I did take a temporary job, wherein I was trapped in a windowless cubicle staring at the computer screen all day with very little people interaction. It was a less-than-ideal job for me. I got through it by telling myself it was only for two months and then I wouldn't work anymore and would be home with my babies. I thought that was the silver lining.

But then I actually was home every day with my babies. To say I felt useless was an understatement. I know I wasn't - I know those early days and weeks and months were so important for Holden to be safe at home in his haven, becoming close to me and his brother. And it was important for Brandon to adjust to home life, recovering from the chaos that was daycare. But not having a job made me feel as if I was a person without ambition, which I have never been. Rather than feeling like a strong independent woman, I suddenly felt like a dependent, weak one. I had become that cliche'. I was no longer all the things I once was, now I was just a mom. I had lost myself in adding a epithet.

I hadn't expected too much to change with Holden, quite honestly. I had had one child already, another boy, so I thought this would be much the same, just two years later. I had taken to motherhood quite proudly, even blogging here that I didn't feel any depression at all, but rather like a better version of me. I didn't know that the second child would be completely different in every way. The day I was induced, I was crying in the bathroom changing into the hospital gown. Holden wasn't even born yet and I was sobbing already, because I was away from Brandon, and Brandon was my world. I tried to think of anything other than Brandon, coping by scarfing down raspberry ice after raspberry ice. But then my water broke and the emergency C-section all happened so fast.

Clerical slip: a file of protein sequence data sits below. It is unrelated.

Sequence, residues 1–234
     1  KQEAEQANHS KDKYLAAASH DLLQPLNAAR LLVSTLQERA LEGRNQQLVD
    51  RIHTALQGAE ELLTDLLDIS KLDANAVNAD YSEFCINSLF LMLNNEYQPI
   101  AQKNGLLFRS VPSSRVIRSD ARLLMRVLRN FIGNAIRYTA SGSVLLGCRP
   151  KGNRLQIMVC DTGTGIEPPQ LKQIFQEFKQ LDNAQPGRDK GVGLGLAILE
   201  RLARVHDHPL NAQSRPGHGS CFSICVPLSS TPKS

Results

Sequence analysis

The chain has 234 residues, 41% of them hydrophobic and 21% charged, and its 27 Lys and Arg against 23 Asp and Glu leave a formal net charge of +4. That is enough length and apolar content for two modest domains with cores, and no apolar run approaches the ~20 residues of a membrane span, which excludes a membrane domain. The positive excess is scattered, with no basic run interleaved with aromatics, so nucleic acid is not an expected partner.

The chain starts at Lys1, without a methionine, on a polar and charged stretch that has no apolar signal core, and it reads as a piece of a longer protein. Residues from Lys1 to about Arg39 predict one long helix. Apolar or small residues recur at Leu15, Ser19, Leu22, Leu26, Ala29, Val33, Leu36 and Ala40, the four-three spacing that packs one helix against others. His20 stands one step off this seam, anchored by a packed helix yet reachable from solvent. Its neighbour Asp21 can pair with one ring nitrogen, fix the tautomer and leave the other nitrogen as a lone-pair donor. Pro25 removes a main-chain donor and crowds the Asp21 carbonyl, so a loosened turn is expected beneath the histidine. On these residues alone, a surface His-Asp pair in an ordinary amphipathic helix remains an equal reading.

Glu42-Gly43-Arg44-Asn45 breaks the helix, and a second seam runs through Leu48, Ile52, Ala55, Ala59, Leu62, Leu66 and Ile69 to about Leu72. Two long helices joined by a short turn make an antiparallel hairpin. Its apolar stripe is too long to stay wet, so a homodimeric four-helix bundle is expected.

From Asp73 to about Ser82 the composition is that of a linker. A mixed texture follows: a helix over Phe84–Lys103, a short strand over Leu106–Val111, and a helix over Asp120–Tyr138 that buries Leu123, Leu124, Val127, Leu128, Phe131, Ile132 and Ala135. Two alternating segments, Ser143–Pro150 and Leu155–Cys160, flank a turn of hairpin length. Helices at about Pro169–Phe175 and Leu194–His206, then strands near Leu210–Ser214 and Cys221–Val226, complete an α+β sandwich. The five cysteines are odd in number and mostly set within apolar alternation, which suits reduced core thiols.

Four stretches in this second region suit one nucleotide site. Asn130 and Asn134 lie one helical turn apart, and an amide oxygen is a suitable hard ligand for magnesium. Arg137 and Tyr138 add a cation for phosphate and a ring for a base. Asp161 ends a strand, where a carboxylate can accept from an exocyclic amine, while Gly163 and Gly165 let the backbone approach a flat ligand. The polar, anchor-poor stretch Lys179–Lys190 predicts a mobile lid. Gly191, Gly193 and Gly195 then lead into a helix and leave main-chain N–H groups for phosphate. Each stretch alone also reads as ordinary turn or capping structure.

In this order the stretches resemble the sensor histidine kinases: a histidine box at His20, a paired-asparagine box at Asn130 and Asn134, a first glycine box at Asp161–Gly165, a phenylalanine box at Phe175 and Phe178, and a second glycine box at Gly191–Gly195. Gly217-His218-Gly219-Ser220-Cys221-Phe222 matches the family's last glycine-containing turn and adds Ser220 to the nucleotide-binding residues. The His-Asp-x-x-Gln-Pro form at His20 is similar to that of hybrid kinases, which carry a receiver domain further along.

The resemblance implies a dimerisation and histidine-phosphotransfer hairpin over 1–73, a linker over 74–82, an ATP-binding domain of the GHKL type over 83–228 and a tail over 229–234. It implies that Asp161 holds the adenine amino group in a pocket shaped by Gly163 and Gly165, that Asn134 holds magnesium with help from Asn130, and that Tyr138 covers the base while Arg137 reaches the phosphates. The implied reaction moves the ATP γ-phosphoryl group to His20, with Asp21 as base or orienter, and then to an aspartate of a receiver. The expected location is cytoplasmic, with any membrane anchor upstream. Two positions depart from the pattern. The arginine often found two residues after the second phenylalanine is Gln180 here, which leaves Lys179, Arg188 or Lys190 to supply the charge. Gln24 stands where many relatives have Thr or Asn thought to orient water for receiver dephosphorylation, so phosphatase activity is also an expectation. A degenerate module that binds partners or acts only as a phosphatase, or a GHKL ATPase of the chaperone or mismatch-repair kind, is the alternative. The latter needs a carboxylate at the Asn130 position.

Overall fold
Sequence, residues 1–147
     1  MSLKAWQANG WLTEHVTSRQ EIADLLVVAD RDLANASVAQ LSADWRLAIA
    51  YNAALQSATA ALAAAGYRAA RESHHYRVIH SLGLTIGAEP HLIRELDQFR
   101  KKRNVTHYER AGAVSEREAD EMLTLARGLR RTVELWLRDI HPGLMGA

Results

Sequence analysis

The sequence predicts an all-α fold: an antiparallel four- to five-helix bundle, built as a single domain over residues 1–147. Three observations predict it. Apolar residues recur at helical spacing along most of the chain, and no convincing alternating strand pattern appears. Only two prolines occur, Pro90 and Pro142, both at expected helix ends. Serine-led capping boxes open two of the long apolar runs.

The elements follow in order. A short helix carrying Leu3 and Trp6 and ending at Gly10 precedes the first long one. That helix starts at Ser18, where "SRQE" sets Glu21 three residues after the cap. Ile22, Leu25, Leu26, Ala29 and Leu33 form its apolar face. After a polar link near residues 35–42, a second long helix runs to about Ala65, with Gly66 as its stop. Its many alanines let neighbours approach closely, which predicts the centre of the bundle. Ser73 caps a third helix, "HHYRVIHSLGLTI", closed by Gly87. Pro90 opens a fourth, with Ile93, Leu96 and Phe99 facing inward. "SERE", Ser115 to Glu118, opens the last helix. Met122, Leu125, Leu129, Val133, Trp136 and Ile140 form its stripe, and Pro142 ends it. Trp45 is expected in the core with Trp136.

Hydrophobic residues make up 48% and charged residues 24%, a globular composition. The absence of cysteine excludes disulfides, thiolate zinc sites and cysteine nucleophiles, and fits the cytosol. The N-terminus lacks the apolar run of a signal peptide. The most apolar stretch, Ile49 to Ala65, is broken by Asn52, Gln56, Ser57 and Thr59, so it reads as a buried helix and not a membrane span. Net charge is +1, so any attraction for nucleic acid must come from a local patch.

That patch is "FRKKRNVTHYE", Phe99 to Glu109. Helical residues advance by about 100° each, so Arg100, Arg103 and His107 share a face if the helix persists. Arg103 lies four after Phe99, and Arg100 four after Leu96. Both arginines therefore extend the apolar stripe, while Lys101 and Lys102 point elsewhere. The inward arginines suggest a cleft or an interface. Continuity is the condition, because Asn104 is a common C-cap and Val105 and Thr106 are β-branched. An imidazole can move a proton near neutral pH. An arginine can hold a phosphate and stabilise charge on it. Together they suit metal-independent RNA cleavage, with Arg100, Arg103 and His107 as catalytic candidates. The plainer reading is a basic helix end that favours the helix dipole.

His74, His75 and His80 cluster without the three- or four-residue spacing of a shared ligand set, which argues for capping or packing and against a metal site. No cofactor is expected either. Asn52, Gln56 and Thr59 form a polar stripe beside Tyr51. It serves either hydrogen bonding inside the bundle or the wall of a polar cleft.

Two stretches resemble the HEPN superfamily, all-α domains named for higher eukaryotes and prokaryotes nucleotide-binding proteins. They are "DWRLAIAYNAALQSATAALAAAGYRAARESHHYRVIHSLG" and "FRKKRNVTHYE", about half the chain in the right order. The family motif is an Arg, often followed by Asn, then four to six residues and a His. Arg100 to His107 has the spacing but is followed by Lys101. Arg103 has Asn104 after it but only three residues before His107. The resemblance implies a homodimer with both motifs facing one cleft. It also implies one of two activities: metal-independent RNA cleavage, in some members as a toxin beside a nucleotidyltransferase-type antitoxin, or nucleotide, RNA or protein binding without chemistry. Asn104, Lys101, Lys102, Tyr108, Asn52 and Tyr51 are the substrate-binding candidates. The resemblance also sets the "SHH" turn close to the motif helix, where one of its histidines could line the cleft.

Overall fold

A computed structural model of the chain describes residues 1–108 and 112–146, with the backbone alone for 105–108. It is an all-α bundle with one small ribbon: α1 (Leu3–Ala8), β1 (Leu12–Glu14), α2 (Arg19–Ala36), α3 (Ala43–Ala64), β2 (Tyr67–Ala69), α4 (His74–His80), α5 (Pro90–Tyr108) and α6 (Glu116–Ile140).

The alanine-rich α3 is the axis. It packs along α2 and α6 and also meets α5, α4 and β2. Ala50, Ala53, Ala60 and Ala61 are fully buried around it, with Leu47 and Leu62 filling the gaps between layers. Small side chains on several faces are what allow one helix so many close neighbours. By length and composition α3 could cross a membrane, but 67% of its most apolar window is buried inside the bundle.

I didn't hold Holden for about an hour after he was born - I was still under anesthesia. And although I think a lot of that "skin to skin" is bullshit - children will love their parents for how they treat them, not based on whether or not they had bare skin touching each other immediately upon introduction - I couldn't help but wonder if that was a reason that I didn't instantly bond with him the way I did with Brandon. The first I knew of Holden was his scream whereas the first I knew of Brandon was his cuddle.